GP trainee training plan


Aims and objectives

Mission statement

  1. To enable a GP registrar to aspire to a standard of excellence.
  2. To enable the practice to aspire to a standard of excellence.
  3. To achieve a personal standard of excellence.

The “standard of excellence” is defined by:

  • Personal beliefs
  • Standards set by trainee in conjunction with me.
  • Standards set by the Royal College of General Practitioners.
  • Standards set by the  Trainers Group.
  • Standards set by the VTS.
  • Standards set by other agencies.


  • Learner-centred education – “You get out what you put in”.
  • Problem-based learning.
  • Emphasis on attitudes – shared feelings.
  • Generally counselling, heuristic or neo-socratic style.
  • Personal learning, depending on strengths and areas for improvement for each trainee.
  • The GP registrar is part of the practice team, and encouraged to become involved as such.
  • Life long learning


  • To show how attitudes modify behaviour.
  • To encourage the development of appropriate attitudes which will benefit doctor and patient.
  • To aid the process of accreditation by the GMC and RCGP.
  • To generate a sense of “belonging” within general practice.


  • To explore the diagnostic triad (physical, social, psychological).
  • To demonstrate personal care (how the individual patient modifies the doctor’s behaviour).
  • To demonstrate family care (how the behaviour of one family member modifies another).
  • To demonstrate patient-centred medicine and promote patient autonomy.
  • To explore decision-making in general practice.
  • To show the concept of teamwork in practice, and to explore how this comes about.
  • To understand the use of time as a tool.
  • To explore the concepts of probability and uncertainty in general practice.
  • To explore the wide range of available options for patient care in general practice.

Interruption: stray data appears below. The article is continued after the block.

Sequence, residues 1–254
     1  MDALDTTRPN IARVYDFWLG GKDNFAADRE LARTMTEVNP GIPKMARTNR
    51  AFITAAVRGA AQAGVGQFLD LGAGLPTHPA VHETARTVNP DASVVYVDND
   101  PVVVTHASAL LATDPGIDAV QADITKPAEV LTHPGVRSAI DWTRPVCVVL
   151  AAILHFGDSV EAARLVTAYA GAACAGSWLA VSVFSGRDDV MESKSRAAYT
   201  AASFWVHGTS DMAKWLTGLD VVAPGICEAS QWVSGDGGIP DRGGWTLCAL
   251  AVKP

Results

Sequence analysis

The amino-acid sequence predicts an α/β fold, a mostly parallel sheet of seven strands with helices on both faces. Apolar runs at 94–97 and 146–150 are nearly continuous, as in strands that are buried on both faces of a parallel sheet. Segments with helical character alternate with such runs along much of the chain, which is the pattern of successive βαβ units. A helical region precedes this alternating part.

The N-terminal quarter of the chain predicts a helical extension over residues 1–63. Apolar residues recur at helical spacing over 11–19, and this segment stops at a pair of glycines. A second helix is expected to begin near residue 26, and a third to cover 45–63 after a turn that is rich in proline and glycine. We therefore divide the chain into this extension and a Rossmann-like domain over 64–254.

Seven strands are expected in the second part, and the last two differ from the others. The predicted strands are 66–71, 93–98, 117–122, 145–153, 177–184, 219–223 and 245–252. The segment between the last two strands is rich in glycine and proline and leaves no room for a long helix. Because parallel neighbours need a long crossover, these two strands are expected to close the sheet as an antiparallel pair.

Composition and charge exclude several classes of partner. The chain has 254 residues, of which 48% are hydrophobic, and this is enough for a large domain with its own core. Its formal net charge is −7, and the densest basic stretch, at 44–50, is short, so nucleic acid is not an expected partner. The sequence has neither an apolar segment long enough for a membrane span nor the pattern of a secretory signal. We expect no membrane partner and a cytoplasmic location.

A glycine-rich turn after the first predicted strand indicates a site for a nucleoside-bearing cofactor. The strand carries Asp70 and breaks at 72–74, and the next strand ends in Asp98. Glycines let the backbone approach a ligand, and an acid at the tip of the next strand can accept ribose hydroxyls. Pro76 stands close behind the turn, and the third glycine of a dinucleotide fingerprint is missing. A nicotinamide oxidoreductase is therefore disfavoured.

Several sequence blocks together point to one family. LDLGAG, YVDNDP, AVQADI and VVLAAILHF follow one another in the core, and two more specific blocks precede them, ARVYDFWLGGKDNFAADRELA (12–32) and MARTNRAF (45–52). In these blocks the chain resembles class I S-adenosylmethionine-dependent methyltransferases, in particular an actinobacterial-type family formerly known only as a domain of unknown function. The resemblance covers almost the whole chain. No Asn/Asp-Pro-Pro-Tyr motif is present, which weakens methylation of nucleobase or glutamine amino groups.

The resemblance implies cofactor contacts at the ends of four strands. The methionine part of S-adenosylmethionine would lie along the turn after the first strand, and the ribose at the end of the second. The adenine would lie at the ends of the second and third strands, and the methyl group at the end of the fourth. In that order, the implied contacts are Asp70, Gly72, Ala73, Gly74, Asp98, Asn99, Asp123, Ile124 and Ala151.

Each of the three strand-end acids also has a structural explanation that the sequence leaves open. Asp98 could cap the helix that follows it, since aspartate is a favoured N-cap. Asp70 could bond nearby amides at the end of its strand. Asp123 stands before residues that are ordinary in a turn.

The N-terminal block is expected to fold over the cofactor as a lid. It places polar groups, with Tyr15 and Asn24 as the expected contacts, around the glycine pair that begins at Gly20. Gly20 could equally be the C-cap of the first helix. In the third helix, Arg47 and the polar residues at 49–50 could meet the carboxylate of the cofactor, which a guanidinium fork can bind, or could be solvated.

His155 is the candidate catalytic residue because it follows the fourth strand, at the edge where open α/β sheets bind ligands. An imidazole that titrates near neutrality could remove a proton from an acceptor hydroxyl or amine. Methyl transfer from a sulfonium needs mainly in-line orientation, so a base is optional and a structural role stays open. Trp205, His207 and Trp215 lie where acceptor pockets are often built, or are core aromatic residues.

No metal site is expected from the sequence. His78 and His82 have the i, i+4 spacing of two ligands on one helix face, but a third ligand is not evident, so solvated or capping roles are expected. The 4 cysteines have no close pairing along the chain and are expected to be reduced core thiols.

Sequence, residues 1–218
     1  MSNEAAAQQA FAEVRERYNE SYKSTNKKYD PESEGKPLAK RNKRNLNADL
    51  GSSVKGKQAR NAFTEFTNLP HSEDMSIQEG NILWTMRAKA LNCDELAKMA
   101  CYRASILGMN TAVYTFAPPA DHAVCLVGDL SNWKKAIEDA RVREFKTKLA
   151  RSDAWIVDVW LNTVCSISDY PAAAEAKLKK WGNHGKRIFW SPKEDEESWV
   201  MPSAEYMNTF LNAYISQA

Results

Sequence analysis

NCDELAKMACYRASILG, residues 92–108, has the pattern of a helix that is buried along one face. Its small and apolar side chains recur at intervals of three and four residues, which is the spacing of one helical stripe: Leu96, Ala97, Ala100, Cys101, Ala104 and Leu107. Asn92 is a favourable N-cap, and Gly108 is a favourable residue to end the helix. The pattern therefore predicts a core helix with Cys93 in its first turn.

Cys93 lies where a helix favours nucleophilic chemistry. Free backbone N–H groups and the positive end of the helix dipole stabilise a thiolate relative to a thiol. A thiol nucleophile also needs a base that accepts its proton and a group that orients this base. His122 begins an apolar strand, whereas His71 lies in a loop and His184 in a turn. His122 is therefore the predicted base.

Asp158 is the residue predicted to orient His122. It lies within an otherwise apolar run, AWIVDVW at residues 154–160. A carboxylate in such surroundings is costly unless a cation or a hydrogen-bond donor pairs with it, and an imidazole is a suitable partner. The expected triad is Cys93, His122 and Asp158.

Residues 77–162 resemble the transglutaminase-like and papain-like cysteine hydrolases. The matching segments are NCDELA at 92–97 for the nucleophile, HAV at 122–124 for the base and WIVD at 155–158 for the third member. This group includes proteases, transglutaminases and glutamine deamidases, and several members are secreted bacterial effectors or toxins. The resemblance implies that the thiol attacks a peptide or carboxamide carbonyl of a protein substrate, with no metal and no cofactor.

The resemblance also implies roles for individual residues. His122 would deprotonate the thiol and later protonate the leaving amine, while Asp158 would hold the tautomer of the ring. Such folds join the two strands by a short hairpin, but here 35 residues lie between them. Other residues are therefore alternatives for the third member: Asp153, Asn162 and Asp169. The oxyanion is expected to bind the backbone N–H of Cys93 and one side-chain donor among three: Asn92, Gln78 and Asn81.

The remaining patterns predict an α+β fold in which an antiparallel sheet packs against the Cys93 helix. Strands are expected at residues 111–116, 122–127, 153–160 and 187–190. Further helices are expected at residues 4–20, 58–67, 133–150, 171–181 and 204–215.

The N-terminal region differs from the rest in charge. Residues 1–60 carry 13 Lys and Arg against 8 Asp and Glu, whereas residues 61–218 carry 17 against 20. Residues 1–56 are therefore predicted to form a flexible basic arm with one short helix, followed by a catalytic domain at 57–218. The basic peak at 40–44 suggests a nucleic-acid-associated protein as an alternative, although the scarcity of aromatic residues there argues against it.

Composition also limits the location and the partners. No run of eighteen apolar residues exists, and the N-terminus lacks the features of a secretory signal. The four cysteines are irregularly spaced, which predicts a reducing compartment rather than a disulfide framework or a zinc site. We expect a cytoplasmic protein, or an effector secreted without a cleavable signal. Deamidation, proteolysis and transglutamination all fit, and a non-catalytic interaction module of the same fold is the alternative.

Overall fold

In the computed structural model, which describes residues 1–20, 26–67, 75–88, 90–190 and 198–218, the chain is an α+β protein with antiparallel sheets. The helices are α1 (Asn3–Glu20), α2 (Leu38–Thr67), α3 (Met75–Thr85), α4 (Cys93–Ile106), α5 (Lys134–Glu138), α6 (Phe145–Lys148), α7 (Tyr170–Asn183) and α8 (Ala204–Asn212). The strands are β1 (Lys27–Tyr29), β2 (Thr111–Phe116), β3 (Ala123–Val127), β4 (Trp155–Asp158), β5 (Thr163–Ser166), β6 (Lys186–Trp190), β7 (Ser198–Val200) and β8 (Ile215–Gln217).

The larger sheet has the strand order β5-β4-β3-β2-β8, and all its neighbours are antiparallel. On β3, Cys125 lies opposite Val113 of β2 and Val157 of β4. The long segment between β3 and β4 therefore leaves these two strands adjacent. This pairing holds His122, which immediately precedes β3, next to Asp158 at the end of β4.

• To demonstrate practice management.
  • To demonstrate the need for good communication skills.
  • To explore the structure and process of the consultation.
  • To show preventive care in action, and encourage its use.
  • To demonstrate the use of computers in general practice.
  • To demonstrate the need for audit and self-assessment.
  • To demonstrate the need for continuing education.
  • To explore self-awareness, and the effect of this on inter-personal communication.

Training plan

This is planned individually with the GP Registrar at the beginning of the attachment, and revisited monthly. The list below is a starting point.

At the start (or before)

  • A learning styles questionnaire
  • Topic-based confidence rating 1 (North Northumberland Rating Scale), designed by the North Northumberland trainer group.
  • Information CD-ROM and handbook providing information about the practice, protocols, contact addresses, phone numbers etc.


  • Joint surgery every Friday afternoon. During joint surgeries, the trainer and GP registrar consult alternately, watching each others consultation techniques. Extra time is allowed between patients to explore the issues raised by the consultation. GP registrars find the concept a little threatening at first sometimes, but soon find this session the highlight of the week. Patients find it acceptable and have been very supportive. From the training point of view it has obvious benefits for modelling, assessment and learning as well as teaching.
  • Joint visits
  • Tutorials: Monday, Tuesday, alternate Thursdays, Friday.

Month 1

  • Trainee contract
  • Exposure to trainer on video
  • Videotape surgery
  • Team attachments
    • Receptionist
    • Health visitor
    • District nurse
    • Pharmacist
    • Practice nurse
    • Nurse practitoner
    • CPN
    • Social worker
    • Undertaker
    • Youth support service
    • Hospice
    • Drug rehabilitation agency
  • Sitting-in with each of partners
  • PEP MCQ/MEQ program

Month 2

  • Videotape surgery 2

Month 3

Month 4

  • Prescribing
  • Videotape surgery 4
  • Leicester video assessment package

Month 5

Month 6

Other assessment tools

  • MCQ
  • MEQ
  • Self-rating and peer standard-setting
  • Personality inventories
  • MRCGP study day
  • The “walk”

Essential Topics

Month 1

  • Practice management basics – Sheila Steele
  • Computing skills
  • Forms
  • Red book basics
  • Mechanism of consultation
  • Study and reading strategies
  • Black bag
  • Multiple agendas
  • Simple illnesses
    • URTI
    • Sore throat
    • Otitis media
    • Muscular sprains
    • Cystitis

Month 2

  • Depression
  • Sudden death and the coroner
  • Controlled drugs
  • Menstrual problems
  • Vaginal examination
  • Tiredness
  • Insomnia

Month 3

  • Bereavement
  • Dizziness
en English